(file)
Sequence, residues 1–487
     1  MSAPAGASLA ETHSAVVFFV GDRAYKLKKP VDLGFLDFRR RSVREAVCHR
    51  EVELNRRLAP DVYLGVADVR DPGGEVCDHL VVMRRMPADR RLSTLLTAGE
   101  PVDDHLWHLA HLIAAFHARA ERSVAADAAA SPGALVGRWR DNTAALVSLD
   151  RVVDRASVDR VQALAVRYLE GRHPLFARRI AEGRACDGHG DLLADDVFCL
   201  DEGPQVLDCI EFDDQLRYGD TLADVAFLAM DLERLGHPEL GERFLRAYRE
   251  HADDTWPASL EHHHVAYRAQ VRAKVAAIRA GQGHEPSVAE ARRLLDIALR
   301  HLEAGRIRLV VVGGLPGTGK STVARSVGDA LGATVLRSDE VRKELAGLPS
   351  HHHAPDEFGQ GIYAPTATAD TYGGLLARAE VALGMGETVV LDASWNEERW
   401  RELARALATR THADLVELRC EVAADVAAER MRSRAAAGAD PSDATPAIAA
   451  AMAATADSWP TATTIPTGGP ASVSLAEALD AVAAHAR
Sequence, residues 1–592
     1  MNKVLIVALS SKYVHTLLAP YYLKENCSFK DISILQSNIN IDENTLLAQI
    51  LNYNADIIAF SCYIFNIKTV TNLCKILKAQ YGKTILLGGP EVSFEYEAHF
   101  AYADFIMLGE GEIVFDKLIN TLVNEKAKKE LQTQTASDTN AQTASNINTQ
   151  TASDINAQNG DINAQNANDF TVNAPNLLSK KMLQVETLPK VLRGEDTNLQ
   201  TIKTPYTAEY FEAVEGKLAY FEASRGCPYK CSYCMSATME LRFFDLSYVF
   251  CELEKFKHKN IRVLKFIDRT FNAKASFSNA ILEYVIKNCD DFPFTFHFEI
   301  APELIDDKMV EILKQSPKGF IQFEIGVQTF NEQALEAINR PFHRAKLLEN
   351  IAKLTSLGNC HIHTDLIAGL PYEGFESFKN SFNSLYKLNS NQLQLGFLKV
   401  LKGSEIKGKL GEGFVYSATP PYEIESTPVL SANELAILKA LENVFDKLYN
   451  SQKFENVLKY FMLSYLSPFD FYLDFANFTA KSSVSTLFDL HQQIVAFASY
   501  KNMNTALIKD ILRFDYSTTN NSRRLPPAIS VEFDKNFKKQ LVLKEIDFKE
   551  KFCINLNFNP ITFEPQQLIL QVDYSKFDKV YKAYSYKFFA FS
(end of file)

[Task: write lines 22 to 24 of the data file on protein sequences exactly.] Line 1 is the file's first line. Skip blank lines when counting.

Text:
   451  SQKFENVLKY FMLSYLSPFD FYLDFANFTA KSSVSTLFDL HQQIVAFASY
   501  KNMNTALIKD ILRFDYSTTN NSRRLPPAIS VEFDKNFKKQ LVLKEIDFKE
   551  KFCINLNFNP ITFEPQQLIL QVDYSKFDKV YKAYSYKFFA FS